I don’t know why lawyers keep trying to get Business Court Judges to overrule decisions by one of their predecessors. It is just not going to happen, as illustrated (yet again) by Judge Bledsoe’s decision in County of Catawba v. Frye Regional Medical Center, Inc., 2015 NCBC 17.
Judge Murphy, in October 2014, had granted summary judgment in favor of the Defendant on Plaintiff’s claims of fraud and unfair and deceptive practices. Plaintiff, disagreeing with the ruling, first filed a Motion for Reconsideration (which it withdrew), and followed it with a "Motion for Revision." It filed both motions after Judge Murphy’s retirement.
Judge Bledsoe observed that both motions "seek the same relief — reversal of Judge Murphy’s [summary judgment order" ]. Op. ¶8.
If you read this blog, you know that the Business Court has already rejected the argument that Judge Murphy’s retirement, and the resulting change in the Business Court Judge handling the case, is not a "substantial change in circumstances" giving the new Judge the authority to modify, overrule, or change Judge Murphy’s Order.
But the Plaintiff in the Catawba County case made a new argument as to why Judge Bledsoe had the authority to overrule Judge Murphy. It relied on Rule 63 of the North Carolina Rules of Civil Procedure, entitled "disability of a Judge," which says that:
If by reason of death, sickness or other disability, resignation, retirement, expiration of term, removal from office, or other reason, a judge before whom an action has been tried or a hearing has been held is unable to perform the duties to be performed by the court under these rules after a verdict is returned or a trial or hearing is otherwise concluded, then those duties, including entry of judgment, may be performed:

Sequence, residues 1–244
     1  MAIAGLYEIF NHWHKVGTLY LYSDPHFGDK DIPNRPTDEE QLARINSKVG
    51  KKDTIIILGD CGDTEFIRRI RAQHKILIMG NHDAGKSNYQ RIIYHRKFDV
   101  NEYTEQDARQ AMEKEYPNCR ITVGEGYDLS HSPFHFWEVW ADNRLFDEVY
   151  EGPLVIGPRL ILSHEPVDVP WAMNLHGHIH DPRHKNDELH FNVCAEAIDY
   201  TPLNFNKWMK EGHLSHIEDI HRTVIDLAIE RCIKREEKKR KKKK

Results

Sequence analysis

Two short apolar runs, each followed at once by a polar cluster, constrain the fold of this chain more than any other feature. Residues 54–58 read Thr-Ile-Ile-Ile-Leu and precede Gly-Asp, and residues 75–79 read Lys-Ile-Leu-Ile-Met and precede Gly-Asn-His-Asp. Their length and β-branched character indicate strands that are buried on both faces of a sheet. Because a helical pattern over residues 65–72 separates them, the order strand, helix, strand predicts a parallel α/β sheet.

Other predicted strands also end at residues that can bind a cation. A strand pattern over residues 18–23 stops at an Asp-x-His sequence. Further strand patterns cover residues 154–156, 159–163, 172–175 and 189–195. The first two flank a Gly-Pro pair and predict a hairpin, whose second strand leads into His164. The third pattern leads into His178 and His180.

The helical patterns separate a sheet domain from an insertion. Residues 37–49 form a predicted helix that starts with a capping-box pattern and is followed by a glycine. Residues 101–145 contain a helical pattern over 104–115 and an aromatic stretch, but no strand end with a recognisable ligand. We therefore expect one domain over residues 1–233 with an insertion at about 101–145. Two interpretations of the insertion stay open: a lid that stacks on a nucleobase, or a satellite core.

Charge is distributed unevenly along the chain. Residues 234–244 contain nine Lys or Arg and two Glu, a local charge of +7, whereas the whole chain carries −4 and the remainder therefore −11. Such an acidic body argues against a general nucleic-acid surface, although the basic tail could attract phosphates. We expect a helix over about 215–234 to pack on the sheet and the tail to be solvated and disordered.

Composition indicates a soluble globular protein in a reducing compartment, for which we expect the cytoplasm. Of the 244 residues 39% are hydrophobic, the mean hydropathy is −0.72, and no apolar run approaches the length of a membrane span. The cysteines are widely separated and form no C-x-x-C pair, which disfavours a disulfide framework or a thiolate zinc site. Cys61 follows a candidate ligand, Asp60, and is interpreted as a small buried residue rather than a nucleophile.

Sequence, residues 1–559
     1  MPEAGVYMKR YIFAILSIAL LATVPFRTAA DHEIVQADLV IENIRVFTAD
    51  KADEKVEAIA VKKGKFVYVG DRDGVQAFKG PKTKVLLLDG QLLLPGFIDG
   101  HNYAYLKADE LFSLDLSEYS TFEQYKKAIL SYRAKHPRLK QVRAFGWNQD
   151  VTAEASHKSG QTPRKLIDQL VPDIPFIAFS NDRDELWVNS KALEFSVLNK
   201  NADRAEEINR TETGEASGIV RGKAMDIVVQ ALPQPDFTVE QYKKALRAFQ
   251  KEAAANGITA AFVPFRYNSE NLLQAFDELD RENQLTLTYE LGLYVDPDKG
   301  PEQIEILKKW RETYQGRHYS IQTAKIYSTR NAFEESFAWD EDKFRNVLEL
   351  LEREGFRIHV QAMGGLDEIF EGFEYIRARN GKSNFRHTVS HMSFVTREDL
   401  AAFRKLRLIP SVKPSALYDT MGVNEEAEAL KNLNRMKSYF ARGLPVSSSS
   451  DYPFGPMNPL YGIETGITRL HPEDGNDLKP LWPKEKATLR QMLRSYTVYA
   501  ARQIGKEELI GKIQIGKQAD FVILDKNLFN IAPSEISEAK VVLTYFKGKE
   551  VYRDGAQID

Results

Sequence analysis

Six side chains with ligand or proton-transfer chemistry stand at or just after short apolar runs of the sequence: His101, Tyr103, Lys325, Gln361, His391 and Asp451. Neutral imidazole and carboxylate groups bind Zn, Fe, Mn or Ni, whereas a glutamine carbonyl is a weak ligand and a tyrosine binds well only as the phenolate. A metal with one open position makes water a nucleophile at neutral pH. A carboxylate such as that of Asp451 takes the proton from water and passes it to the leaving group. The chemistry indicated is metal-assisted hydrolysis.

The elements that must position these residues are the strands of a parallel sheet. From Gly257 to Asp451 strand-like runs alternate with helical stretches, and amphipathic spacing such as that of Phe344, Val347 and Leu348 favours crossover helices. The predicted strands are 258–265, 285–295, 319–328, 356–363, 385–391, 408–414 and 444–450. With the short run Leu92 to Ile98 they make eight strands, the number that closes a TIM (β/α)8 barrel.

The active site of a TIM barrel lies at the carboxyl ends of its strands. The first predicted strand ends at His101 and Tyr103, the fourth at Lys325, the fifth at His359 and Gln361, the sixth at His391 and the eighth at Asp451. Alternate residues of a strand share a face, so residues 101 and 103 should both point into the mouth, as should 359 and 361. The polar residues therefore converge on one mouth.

(1) In actions in the superior court by the judge senior in point of continuous service on the superior court regularly holding the courts of the district.
Judge Bledsoe disagreed that Rule 63 granted him the authority to overrule Judge Murphy, stating:
Plaintiff essentially contends that [Rule 63] treats Judge Murphy’s retirement at the expiration of his term of office as an invitation to this Court to decide Defendants’ SJ Motion anew. The Court disagrees. Not only would such a reading ignore the North Carolina rule that one Superior Court judge generally cannot overrule another, but read in context, the Court concludes that Rule 63 is intended for situations where, for example, a Superior Court judge leaves the bench prior to entering a written order on a matter that has been heard, or before a matter is remanded from the appellate courts with instructions for further action. The Court does not read Rule 63 to address the situation here, where Judge Murphy received the parties’ briefs, held a hearing, issued a written order ruling on the parties’ arguments and dismissing claims, and then left the bench.
Those of you who are civil procedure aficionados are no doubt thinking about NCRCP 54(b), which says that in the absence of a final judgment, "any order . . . is subject to revision at any time before the entry of judgment adjudicating all the claims and rights and liabilities of all the parties."
Judge Bledsoe recognized that his Opinion means that a party loses its "right to seek revision of a summary judgment ruling by the trial court under Rule 54(b) when the issuing Superior Court Judge retires or otherwise leaves the bench prior to the entry of a final judgment." Op. ¶16.
Judge Bledsoe also observed that allowing him to overrule Judge Murphy’s decision would invite a "potential sea of motions. . . from disappointed litigants seeking to overturn decisions issued in the last weeks of [a] departing judge’s service on the bench." Op. ¶17 & n.2.
So what’s the remedy for the unhappy Plaintiff in this case? As Judge Bledsoe put it, "the party’s redress is with the North Carolina appellate courts and not with another Superior Court judge." Op. ¶17.